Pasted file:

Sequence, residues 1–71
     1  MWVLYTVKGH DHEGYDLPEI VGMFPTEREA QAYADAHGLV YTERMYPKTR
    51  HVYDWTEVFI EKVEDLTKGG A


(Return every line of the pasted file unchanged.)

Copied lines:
Sequence, residues 1–71
     1  MWVLYTVKGH DHEGYDLPEI VGMFPTEREA QAYADAHGLV YTERMYPKTR
    51  HVYDWTEVFI EKVEDLTKGG A